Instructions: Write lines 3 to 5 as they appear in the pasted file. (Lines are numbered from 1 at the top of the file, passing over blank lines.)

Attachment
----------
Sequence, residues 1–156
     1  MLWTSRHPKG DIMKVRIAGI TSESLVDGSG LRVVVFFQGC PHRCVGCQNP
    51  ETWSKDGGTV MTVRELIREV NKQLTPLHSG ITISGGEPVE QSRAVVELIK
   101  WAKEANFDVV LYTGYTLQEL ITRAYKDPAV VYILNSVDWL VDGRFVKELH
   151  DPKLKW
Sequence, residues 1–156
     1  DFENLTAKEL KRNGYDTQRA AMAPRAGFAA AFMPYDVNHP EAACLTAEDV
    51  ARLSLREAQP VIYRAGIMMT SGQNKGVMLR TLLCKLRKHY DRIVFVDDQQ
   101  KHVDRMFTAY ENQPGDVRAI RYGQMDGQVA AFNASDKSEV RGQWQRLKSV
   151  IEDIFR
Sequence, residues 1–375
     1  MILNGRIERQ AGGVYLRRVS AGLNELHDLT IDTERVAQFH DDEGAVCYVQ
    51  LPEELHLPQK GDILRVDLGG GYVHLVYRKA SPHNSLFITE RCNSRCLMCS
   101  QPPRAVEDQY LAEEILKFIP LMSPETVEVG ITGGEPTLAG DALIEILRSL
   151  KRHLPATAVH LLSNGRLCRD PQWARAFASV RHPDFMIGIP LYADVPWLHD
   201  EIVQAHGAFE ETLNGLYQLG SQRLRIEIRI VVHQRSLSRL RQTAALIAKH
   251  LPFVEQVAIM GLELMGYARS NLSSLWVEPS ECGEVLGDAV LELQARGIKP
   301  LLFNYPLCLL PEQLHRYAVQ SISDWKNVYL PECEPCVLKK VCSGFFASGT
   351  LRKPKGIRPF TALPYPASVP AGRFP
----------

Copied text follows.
    51  ETWSKDGGTV MTVRELIREV NKQLTPLHSG ITISGGEPVE QSRAVVELIK
   101  WAKEANFDVV LYTGYTLQEL ITRAYKDPAV VYILNSVDWL VDGRFVKELH
   151  DPKLKW